Raeleen Lemay
Jan 11, 2015 Raeleen Lemay rated it it was amazing  ·  review of another edition
Shelves: own
This is a book where the plot is centered around slavery, but the book isn't really about slavery. The story is really about a woman and the hardships she went through. Aminata was an incredible protagonist, and I wish more people could be like her.

It is a fantastic book, and I highly recommend that everyone read it! It has really made me want to pick up more books that focus specifically on different cultures, as it really opened my eyes to how brutal some parts of the world were (and still are
Giselle (Book Nerd Canada)
Abducted by slave traders as a young child, Aminata is a survivor. She is taken so far from home that her ultimate vow is to get back. This is her powerful story that will make you laugh, tear and jump for joy all at the same time. Powerful. Moving. Memorable. The Book of Negroes will stay with you long after you have read it.

I couldn't put this one down. I know it seems like such a daunting read and the font is tiny, but trust me, you'll fly through this. There are times it's heart-breaking, so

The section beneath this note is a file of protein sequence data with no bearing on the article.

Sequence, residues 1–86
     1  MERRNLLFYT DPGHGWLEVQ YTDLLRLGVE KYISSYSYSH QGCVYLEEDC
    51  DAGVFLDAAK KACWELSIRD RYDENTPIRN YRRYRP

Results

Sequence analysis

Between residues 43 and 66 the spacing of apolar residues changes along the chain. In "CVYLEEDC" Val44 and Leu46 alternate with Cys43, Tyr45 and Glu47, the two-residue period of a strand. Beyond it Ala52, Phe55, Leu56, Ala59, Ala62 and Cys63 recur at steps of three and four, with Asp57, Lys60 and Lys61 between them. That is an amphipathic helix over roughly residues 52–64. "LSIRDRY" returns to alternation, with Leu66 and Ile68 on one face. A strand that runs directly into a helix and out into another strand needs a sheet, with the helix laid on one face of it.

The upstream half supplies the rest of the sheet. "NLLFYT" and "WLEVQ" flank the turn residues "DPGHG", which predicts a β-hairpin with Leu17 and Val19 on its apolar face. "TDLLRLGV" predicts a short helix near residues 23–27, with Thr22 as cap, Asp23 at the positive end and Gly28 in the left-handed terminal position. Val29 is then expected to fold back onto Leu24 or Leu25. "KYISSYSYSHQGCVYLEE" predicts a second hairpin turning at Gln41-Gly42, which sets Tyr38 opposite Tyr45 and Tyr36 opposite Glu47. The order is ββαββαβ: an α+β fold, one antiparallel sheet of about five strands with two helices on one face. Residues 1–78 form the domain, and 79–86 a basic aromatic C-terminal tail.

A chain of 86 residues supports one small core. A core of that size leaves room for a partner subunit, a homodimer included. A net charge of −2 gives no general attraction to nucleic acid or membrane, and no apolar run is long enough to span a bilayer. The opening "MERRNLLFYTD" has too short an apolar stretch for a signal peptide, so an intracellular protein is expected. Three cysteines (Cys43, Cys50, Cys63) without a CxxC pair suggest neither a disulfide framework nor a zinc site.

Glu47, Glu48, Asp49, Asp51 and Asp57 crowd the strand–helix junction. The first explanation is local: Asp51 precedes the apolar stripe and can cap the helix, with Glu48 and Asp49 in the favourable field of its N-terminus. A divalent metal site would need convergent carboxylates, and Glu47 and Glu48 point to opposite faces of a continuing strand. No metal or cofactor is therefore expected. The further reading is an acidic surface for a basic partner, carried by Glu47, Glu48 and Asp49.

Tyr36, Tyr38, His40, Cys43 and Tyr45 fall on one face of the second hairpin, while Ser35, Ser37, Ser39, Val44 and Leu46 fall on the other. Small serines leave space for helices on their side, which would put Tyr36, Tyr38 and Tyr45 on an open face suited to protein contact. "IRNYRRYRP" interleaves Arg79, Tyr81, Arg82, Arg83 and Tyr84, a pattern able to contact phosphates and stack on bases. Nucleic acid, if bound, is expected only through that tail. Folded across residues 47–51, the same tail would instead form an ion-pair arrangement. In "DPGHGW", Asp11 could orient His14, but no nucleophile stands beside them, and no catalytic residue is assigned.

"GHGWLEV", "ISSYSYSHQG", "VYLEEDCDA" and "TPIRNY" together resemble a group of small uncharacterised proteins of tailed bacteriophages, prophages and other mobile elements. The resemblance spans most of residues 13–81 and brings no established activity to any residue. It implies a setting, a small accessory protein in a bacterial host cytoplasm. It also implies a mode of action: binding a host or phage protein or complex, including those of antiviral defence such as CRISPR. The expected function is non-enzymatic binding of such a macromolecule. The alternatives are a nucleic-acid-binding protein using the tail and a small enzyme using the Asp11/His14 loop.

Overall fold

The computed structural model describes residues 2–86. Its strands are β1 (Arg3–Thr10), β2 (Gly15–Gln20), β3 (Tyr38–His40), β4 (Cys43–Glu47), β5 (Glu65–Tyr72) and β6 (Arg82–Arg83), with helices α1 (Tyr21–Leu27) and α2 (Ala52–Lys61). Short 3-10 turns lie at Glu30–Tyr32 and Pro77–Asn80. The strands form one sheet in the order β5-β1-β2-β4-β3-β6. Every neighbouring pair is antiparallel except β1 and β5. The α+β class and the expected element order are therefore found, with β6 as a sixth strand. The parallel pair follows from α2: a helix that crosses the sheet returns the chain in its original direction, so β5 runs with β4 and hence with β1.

Dec 18, 2014 Rowena rated it it was amazing  ·  review of another edition
Recommended to Rowena by: Maxine
This is definitely the best book I read in 2011 and one I will remember for a long time. Aminata Diallo is such a powerful character, a woman who had to deal with so much in her life but came out with a small victory in the end. Slavery is something we all know about but it's very rare we really think about what the slaves went through, and how they were forced to adopt to a new culture and life separated from their family and homeland.Lawrence Hill did exceptional work on this book.

I felt a whole range of emotions when reading this book. I can't even form a complete review to give Hill's novel justice. However, I will say that this is the type of book that demands to be read and more importantly, to reach a vast readership. It demands that you sit down and put your WHOLE heart into reading this novel. I say this because the story within this book's covers doesn't fully release the reader until they have hit the last page and every